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The Bullfinch
Look at the bright colours of this beautiful little bird: y...

The Flamingo
Is not this a beautiful bird, though rather singular in its...

The Swan
You are no doubt well acquainted with this beautiful bird, ...

The Kestrel
This picture represents the kestrel, one of the smallest an...

The Eagle
The Eagle is often called the King of Birds, and therefore ...

The Albatross
This is the largest of all sea-birds, and you are not very ...

The Vulture
This strange looking bird is also a bird of prey; but it fe...

The Duck
There is so much that is interesting to tell you about the ...

The Robin Redbreast
Every little boy and girl well knows this pretty little bir...

The Quail
The quail is the smallest of the poultry tribe, and is a pr...


Least Viewed

[illustration: The Goose]
Amongst the Romans this bird was held sacred to Juno, their s...

The Pheasant
This beautiful bird comes originally from the East, and tak...

The Magpie
The Magpie is a very pretty and cunning bird. It is easy to...

The Lapwing
This little bird which is often called the Pewit, from its ...

The Goose
Have you not often heard people say "as silly as a goose"? ...

The Quail
The quail is the smallest of the poultry tribe, and is a pr...

The Owl
This solemn looking bird is seldom to be seen by day. It is...

The Robin Redbreast
Every little boy and girl well knows this pretty little bir...

The Duck
There is so much that is interesting to tell you about the ...

The Vulture
This strange looking bird is also a bird of prey; but it fe...



The Swan








You are no doubt well acquainted with this beautiful bird, and have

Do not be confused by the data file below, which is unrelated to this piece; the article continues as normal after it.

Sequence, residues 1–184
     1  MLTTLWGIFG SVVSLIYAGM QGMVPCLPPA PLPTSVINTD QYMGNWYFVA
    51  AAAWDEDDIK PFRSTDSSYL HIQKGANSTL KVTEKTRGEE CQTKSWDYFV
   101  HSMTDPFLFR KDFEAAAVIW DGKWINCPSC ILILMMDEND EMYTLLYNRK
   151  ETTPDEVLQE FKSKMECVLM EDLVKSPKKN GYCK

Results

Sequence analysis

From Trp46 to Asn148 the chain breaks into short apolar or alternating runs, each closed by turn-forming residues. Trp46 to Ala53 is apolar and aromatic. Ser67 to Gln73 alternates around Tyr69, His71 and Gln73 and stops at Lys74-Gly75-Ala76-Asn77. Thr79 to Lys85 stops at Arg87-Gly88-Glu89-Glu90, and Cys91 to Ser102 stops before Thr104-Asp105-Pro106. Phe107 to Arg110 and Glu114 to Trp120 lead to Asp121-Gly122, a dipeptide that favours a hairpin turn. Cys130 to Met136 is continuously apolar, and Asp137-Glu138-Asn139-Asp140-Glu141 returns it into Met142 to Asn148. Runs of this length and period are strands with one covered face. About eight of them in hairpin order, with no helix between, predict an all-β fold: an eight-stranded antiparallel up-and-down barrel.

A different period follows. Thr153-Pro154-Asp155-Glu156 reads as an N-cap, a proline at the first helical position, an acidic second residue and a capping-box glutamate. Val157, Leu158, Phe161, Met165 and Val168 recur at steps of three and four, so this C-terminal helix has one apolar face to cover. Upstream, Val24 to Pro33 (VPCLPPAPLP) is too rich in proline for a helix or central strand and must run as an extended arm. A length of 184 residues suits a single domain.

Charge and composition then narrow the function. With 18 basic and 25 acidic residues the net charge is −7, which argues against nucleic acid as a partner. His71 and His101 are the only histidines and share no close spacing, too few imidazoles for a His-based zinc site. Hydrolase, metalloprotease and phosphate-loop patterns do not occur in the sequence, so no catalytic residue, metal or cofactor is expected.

perhaps fed some of its species, by the ornamental waters of the parks.
Or perhaps, and that is far better, you have seen it sailing
majestically down the river Thames, free and unconfined, enjoying its
perfect liberty. The swan has been called a royal bird, being formerly
regarded as the exclusive property of the crown, and even now there are
but few exceptions to the rule. The royal swans, that is those belonging
to the Crown, are marked in a particular manner on the bill, and every
year, on the first Monday in August, men, now called swan-hoppers (a
corruption of the old term swan-uppers, because they went up the
river after the swans), proceed up the Thames to mark the young swans
hatched during the year. The Dyers' Company and the Vintners' Company
also own swans in the Thames, which were granted to them in olden times.
The Vintners' mark for their swans is a nick or notch on each side of
the beak, from which their swans have been called, merrily, "swans with
two necks" (nicks). Perhaps you have heard of an inn, which has a swan
with two necks as a sign; now you will understand how it came by so
strange a name.



The swan builds his nest of sticks near the river side, generally
amongst the reeds. If disturbed, the male bird assumes a very warlike
attitude, and will attack the intruder with great violence. The swan is